Saturday, November 1, 2014

Internal enemies

To be honest, I’ve been struggling with cynicism recently. We both have struggled with it at times, and feel that a country like Congo gives plenty of grounds for cynical thinking…but it is a struggle none-the-less.

One Congolese friend recently lamented that it seems that often a project or task does not get completed here unless there is persistent follow up. Our colleagues have sometimes expressed a desire for something to happen, but then in the midst of the project it feels like people fail to show up for meetings or complete what they’ve said they will do. Failures to be honest or forthright by some cause me to mistrust the people around us.

As the parliament contemplates extending or eliminating term limits for the president, I find myself losing hope for change along with many other Congolese. The deplorable roads that cause hardship for all levels of society and the lack of infrastructure that discourages economic growth all contribute to a sense that any efforts at improvements will be thwarted. Several of our friends in Congo have lamented the lack of justice that seems pervasive in the government. One sad reality is that the poor here are often the victims of theft…thieves break into houses where there is a dirt floor they can dig through, not the big houses with a guard or a high metal fence. Alice, one of the caregivers at the Ditekemena kids’ program returned home last week to find a woman in her house who had packed up all the clothes into a big bundle and was just about to take off with it.

One morning this week we happened to be standing outside our office when the nearby primary school let out. Several kids came and started asking for money. When we politely said no, they started chanting “l’argent! l’argent!” (money! money!), which of course drew more kids and more noise and felt like a near riotous mob to us in the middle of it. The blatant and indiscriminate asking here often feels rude and annoying.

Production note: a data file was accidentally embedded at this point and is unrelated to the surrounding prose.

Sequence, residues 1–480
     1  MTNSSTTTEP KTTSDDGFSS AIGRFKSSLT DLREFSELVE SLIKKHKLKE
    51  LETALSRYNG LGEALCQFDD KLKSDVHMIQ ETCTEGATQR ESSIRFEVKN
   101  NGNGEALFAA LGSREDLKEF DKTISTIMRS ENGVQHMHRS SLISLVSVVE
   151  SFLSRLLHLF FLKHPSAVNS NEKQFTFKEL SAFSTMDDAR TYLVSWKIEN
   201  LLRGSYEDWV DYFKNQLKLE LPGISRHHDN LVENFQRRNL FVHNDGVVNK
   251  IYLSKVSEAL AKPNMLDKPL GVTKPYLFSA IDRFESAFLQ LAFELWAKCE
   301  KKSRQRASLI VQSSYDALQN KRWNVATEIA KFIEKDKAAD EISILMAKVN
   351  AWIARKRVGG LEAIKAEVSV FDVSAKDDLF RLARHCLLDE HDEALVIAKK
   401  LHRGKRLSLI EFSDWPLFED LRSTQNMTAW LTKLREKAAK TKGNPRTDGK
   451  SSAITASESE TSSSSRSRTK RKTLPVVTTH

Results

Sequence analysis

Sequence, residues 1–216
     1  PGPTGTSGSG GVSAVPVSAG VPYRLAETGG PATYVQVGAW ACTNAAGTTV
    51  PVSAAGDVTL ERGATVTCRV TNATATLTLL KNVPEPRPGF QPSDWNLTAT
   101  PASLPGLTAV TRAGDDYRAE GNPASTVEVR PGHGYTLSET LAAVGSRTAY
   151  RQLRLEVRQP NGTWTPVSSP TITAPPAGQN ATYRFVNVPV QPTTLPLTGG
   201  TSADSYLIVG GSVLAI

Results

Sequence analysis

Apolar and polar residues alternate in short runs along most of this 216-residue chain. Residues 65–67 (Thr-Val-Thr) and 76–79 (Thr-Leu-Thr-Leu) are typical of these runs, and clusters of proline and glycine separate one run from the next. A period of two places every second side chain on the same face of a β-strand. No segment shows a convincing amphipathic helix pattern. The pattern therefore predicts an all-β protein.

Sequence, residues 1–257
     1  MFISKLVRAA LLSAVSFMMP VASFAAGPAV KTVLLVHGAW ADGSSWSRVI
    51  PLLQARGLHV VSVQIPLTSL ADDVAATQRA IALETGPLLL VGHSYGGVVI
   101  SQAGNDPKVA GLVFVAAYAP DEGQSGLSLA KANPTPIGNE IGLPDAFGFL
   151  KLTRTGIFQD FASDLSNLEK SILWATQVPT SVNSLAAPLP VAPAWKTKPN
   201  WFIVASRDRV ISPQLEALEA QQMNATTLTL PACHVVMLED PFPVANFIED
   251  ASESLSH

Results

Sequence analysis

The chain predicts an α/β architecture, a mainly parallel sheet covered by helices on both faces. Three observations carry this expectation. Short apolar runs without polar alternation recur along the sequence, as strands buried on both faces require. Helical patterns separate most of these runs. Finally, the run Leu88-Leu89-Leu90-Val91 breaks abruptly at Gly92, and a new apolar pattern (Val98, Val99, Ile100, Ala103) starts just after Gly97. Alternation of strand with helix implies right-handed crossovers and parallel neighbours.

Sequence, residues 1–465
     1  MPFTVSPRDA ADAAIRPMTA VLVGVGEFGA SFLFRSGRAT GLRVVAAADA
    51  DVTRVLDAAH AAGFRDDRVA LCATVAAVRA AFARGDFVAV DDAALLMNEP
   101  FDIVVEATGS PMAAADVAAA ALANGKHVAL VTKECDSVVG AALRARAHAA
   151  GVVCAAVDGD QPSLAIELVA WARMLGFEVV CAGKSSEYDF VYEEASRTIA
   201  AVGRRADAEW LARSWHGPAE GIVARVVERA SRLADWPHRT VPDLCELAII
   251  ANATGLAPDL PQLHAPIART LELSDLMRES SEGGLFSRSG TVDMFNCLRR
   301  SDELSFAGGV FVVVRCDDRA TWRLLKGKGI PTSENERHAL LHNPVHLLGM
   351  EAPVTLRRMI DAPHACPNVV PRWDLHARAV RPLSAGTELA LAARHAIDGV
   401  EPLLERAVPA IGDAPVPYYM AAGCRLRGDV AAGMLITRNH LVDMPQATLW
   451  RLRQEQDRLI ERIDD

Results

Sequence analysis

I vent about these examples simply to share some of our internal struggle. Maybe some of these things resonate with you or sound familiar – I know Congo is not the only place with frustrations! One day recently while I was feeling especially frustrated and cynical, Bob wisely commented that if we give in to the cynicism, we have lost the battle. Our challenge is to be a voice of hope and the fragrance of Jesus in the midst of an environment that feels on the surface like it is a lost cause. We consistently pray that God would give us His eyes and His heart in the midst of the challenges. As I have prayed, God frequently reminds me of the things to be thankful for…as I recount those blessings and give thanks, I find the cynicism dissipating and God giving strength to carry on. Yes, it is hard to see injustice, poverty, and sin around us. But we serve a loving and victorious God, who IS calling, transforming, and empowering people to be His ambassadors. We can rejoice, and give thanks!

“Rejoice in the Lord always, I will say it again, rejoice! Let you gentleness be evident to all. The Lord is near. Do not be anxious about anything, but in everything, by prayer and thanksgiving, present your requests to God. And the peace of God, which transcends all understanding, will guard your hearts and minds in Christ Jesus.” (Phil 4:4-7)


Dale said...

After my visit last September, I felt a degree of cynicism over the state of the country under current political leadership. As I read your article, I was reminded of the Upper Room experience for Jesus. Knowing Judas would betray him, Peter would abandon him, and his disciples run away from him at the moment he would need them most, must have given rise to cynicism. Nevertheless, he showed them the full extent of his love, by getting down on his knees and washing their feet. You two are showing those folks the full extent of God's love - Keep on keeping on! You're in my prayers.

Denalyn Allen said...

My husband may be coming to Kananga the first of December. I would love to email with you again.
Denalyn Allen